An old D40x pic taken in 2007 ( caution if @ work )
Jared Huntr wrote:
and color reproduction. I wish they kept making DSLRs with CCD sensors, a 18MP CCD FX camera would have been amazing.
I'm not understanding your statement. Are you commenting on color accuracy or color appeal? Unless you were actually there in person, how do you know the skin tones match reality? If you are referring to appealing skin tones, why can't you tailor your post-processing workflow to output whatever skin tones you prefer, regardless of the type of sensor. Sure, there may be slight differences between Nikon models but Nikon generally stays very consistent to it's particular palette of colors.
The distinction in skin tones that is often made of CCD vs CMOS reminds me of people who mistakenly spot CG created animals or effects in movies when in fact the animal or scene was shot live for real without the use of computers.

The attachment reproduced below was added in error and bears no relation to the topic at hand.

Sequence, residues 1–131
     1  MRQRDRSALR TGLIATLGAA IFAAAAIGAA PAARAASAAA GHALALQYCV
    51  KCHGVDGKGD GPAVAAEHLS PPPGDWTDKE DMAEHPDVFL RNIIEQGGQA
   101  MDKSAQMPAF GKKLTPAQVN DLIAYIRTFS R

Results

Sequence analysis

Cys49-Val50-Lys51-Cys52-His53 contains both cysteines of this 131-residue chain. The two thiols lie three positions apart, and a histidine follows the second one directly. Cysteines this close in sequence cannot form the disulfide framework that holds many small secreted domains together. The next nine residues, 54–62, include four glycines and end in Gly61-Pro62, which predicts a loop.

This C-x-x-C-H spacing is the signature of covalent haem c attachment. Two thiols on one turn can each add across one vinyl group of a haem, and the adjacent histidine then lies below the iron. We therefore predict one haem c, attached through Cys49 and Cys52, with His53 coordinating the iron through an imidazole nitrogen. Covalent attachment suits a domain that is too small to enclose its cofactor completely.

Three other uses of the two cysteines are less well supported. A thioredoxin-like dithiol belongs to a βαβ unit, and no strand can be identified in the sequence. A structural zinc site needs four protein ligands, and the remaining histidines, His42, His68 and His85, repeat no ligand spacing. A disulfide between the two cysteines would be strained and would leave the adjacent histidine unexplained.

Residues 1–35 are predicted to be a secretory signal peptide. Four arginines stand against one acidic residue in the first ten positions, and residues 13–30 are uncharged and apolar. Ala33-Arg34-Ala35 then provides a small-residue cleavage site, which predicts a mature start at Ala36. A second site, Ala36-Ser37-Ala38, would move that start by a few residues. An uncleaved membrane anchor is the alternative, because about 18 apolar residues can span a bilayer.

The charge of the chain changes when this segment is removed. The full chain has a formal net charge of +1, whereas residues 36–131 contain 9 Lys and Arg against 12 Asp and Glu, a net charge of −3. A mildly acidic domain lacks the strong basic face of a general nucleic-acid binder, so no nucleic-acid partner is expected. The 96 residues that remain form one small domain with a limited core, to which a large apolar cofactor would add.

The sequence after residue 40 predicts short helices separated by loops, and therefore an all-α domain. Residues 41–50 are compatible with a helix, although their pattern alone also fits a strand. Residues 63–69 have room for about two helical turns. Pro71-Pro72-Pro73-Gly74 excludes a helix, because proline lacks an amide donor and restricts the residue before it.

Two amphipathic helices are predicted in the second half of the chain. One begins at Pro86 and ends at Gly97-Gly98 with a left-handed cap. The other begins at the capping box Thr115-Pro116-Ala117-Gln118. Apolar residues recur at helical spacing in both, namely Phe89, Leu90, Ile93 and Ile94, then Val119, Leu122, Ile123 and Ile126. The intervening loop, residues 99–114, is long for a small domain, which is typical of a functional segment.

this is certainly the reason why all medium format cameras keep using latest CCD technology. Maybe you should read all the complaints in those forums about native cmos tones vs their older ccd cameras, it is a fact but naysayers will just argue against it without even comparing them.
Yes, if you shoot raw, you can apply settings to recover skin detail (blown by the over saturated red gammas), and recover tones, but you must know how to do it and this requires an extra step of work. Also, all my cmos DSLR show blue shadows when pushed, especially in the brown-red underexposed areas, this is typcial cmos behavior. CCD images, in comparison are pure, will not over-saturate any specific color, over or underexposure or shadow recovery are perfectly controlled when recovered.
cmos sensors are cheaper to produce, and better for live view, but also suffer from rolling shutter when recording motion, CCD dont.
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|Feb 28, 2013|